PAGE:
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Why RP Won’t Survive as Half-loot?

February 15, 2008

 IT is important to identify what causes impoverishment in the Philippines. While it is implied above that poverty was somehow triggered by the dark lords of the past (the three superpower countries that invaded and ruled this land), there are, however, internal factors that somehow aggravated or tightened this rope of damnation around the neck of Juan de la Cruz.

There are four factors that drove intensely the already awful level of poverty to indescribable proportions. They are (1) culture of corruption and impunity, (2) bad governance, (3) undermined rule of law, and (4) the continuing enmity characterized by the government’s war on insurgency and the so-called ‘enemies of the state’. These four causes of poverty, which can be likened to the four horses of the Apocalypse, are the main exponent of the numerous problems this nation is facing these days.

The top ally of poverty is the culture of corruption and impunity. The first is the clear manifestation of what most of our government leaders, police authorities and the law enforcement mechanisms have become, robbing the public of both its treasure and soul, while the second is the appalling guarantor of the former, similar to a cordon sanitaire that seeks to ensure that public accountability is effectively derailed.

There are two kinds of corruption – the physical corruption, which is the brazen embezzlement of public wealth, and the moral corruption, which is the worst of all burglaries known to man, because it destroys the very foundation upon which the concept of state, or nation, is established— that Aristotelian concept heralding that a state must be most concerned with virtue: “for where this concern is lacking, a political community degenerates into a mere alliance, differing only in spatial extent from those alliances whose members live apart; while law degenerates into a mere compact – ‘a guarantor of mutual rights,’ without any power to produce goodness and justice in its citizens.”

It is important to distinguish the form, source, extent and effects of these two existing forms of corruption. The bold dishonesty of our public officials resulted in the accumulated ill-gotten wealth as in the case of Marcos and the unexplained wealth of most of our public officials, past and present, which, if properly accounted for, would amount to unimaginable proportions. Reports said that from the time of Marcos up to the incumbent administration, the price of unaccounted official deceit would not fall below one trillion pesos.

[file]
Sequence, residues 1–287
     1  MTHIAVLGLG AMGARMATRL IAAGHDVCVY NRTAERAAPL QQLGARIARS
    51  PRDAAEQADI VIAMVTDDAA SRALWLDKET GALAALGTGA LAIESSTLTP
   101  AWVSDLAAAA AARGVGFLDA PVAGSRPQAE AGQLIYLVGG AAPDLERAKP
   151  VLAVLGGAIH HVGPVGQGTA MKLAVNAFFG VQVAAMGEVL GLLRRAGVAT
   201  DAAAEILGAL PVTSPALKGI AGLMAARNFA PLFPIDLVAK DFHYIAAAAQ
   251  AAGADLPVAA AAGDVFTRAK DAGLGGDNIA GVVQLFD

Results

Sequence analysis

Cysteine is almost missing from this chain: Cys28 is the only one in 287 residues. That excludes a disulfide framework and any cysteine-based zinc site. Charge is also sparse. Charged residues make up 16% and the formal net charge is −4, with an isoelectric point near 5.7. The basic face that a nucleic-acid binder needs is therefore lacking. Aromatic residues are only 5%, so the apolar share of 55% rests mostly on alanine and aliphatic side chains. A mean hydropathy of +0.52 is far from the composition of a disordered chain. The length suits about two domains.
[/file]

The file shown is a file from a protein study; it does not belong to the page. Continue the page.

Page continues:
Imagine if this huge amount of money were rather devoted to the creation of livelihood programs and other endeavors that would somehow give the jobless not ‘bread” but ‘fishing rod’ to catch fish. Imagine if part of this P1 trillion were used for services, infrastructure developments and agricultural reforms and projects like irrigation system that would benefit farmers. Just imagine if crumbs of this embezzled money went to education, which, according to the government is “now declining continuously”, to solve the country’s education crisis. That stolen public money could have been used for the improvement of our justice system and court rooms, so that that constitutional mandate of ‘speedy trial’ and ‘justice for all’ were religiously followed.

But if our soul, our morals, were stolen from us, that would be the worst of all tragedies. If people’s morals were corrupted, they would be reduced to living dead, unable to determine right from wrong— unable to feel and to see evil— because that very fountainhead of man’s morals and virtue has been despoiled— conscience.

One good example of this is the recent bribery at the Malacanang Palace wherein 190 representatives and a good number of local executives allegedly received “paper bags” stuffed with cash. Even a grade three pupil would think there’s something wrong with the dole out, not only because our officials are unable to explain the source of the money, but also because it was done right in the official residence of the president, or right under her nose, so to speak.

What was looted here was the money that was supposed to be channeled to its rightful beneficiaries. But there is something that officials at the Malacanang palace wanted to take from their people – their conscience. They wanted their subjects to believe that there was nothing wrong with the dole out because it was intended for good use, and they have made desperate justifications to show that the “gift-giving” was done in good faith. Other officials tried to convince the public that it was part of government’s tradition as it was also practiced by past administrations. Have they forgotten that man’s law is based on natural law?—that it is based on reason? Tradition, however ancient it is and its intention noble, cannot run roughshod over reason. The first is made by men, mostly by a collective block masquerading as public servants, while the second is man’s only absolute. Rational law cannot be made to kneel in prostration to man’s deceitful wits, whims and caprices.

Rule of law demands that justice be done to this culture of corruption and impunity now deeply entrenched in our system of government. This is to end that farcical scheme that reduces this country to a mere subject of robbery— by looters-by-law and moochers-by-affiliation. As what Aristotle pointed out: “The state exists, however, not merely that men may live but that they may live well.”

On the other hand, bad governance refers to both mismanagement and mishandling of the country’s political and economic affairs. The Filipino has heard a great deal about bad decisions and faulty visions of his past leaders. These national schemes had turned into a tragedy owing to the abuse of the rule of law.

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